WRITESPIRATION @sacha_black #106 52 WEEKS IN 52 WORDS WEEK10 ‘The Big Birthday’ #FlashFiction

This post was written in response to Sacha Black’s weekly prompt for 2017 (52 weeks in 52 words).

Sacha will post one prompt a week for 52 weeks, and the challenge is to write a story in just 52  words exactly. The value of conciseness for a writer is invaluable, as Sacha herself reminds us: ‘The art of being concise is nothing if not a muscle flexing ‘write’ bicep curling device’. This weeks’ prompt ‘The distance between,,,’ 

52-words

This week is a rather significant week for Sacha because it’s her birthday, so the theme for this week, the prompt is: 

The Big Birthday

Thirty-five years of drama, stress, gratitude and joy. I stand by my students, the ones I’ll miss forever, staring at a huge cake, covered in white icing and topped with sixty tiny candles.

They clapped and I cried.

Make a wish, they said and I did, on my last day at work.

****

I love birthdays, even my own!

They represents a new beginning, another chance to move on and start innovative projects, much like the 1st of January.

On the other hand, there’s always something sad about a year ending. We remember the people and events we’ve left behind, and may never recover, although we carry them in our hearts.

And yet, we can’t even begin to imagine all the people we’ll be meeting and the marvellous things we’ll be learning…

Happy birthday Sacha. Make a wish and watch it come true next year!

Writing 101. Day Two: A Room with a View

Today’s question is: If you could zoom through space in the speed of light, what place would you go to right now?

I’d travel through time and space and look for a shy little girl who’s having a hard time adapting to a broken family, a new country, and a new school. She’s six years old and it’s 1965. She leaves her house in the morning of Friday 4th of June with her mother, and her baby sister, who is in the pushchair. It’s a special day because it’s her birthday, but she has to go to school, the new school for ‘big girls’, which she hates. They walk along the long narrow cul-de-sac  which leads to the school, towering at the end. There’s no way out and no way back. Forward it is. The little girl is crying, tears are running down her cheeks because she wants to stay with her mother and her sister, but there’s no turning around. Move on Lucy.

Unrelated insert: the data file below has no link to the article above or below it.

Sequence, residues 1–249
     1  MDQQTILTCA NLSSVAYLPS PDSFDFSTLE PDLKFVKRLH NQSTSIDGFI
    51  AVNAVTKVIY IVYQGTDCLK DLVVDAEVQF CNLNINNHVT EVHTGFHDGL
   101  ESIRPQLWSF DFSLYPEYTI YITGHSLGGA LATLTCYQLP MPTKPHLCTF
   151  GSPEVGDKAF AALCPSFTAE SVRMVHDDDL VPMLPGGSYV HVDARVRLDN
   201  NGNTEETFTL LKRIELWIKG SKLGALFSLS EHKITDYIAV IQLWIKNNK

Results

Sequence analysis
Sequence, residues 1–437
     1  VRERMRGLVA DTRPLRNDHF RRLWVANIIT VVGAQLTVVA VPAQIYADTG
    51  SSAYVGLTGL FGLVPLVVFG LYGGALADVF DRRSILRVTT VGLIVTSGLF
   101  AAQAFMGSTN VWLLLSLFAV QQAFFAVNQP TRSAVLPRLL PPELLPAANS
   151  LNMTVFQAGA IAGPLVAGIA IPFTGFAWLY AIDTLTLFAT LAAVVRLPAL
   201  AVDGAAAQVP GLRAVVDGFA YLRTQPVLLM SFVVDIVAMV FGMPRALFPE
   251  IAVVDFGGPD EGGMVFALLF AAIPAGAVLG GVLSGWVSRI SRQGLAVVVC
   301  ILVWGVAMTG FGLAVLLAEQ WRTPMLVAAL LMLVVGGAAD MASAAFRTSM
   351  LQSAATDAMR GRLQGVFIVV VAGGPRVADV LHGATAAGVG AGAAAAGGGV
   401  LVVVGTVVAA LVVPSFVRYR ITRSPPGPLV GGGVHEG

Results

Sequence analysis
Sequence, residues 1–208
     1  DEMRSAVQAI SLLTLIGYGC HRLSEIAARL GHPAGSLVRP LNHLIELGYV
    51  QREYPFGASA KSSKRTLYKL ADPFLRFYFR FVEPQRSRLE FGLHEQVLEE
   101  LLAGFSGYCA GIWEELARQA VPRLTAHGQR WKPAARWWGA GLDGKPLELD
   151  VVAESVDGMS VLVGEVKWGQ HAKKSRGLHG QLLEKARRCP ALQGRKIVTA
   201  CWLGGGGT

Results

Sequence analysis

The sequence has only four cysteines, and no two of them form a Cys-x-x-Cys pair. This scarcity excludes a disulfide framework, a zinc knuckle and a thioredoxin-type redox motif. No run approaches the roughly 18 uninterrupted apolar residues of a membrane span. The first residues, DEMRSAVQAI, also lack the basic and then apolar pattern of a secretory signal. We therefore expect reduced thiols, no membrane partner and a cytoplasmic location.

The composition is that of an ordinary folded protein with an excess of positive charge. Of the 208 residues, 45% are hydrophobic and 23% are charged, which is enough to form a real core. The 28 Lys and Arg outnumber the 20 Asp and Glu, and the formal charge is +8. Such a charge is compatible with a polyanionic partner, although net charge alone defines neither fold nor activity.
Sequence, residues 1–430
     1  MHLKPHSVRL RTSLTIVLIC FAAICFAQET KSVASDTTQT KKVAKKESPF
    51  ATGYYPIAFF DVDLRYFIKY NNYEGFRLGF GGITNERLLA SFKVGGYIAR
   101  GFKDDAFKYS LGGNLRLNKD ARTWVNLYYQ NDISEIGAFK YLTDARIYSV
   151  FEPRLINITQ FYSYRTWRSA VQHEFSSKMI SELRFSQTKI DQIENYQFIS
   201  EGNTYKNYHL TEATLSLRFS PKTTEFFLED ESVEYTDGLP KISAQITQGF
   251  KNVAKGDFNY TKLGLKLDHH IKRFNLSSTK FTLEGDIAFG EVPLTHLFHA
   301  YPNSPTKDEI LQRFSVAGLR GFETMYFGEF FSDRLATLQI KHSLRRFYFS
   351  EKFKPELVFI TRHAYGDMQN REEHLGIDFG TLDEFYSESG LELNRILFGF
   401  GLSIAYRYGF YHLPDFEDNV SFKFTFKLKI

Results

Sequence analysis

I take her hand at the school door, gently, and I speak to her, softly. As we walk into the overbearing building I tell her not to worry because ‘in the end’ everything will be all right. Her life won’t be a bed of roses, but she’ll be mostly happy, and mostly healthy, and she won’t have to struggle to make ends meet very often, but she’ll have to work very hard.

Once inside, I sit down with her in the long empty corridor (everyone else is in class), and warn her about the mistakes she might be making, and tell her about the wonderful things she’ll be doing in the following 49 years. I’ll show her a school map, and tell her about the countries she’ll visit. I’ll tell her about the people she’ll meet who will help her through her life. I’ll also tell her about those she’ll meet but will never know how sweet and pretty she was when she smiled. I’ll tell her to dream, because if she doesn’t abandon her dreams, she’ll accomplish them all.

I clearly remember that day, 49 years ago, when I looked at me with caring eyes, and tried to say so many things in twenty minutes, because I was just there.

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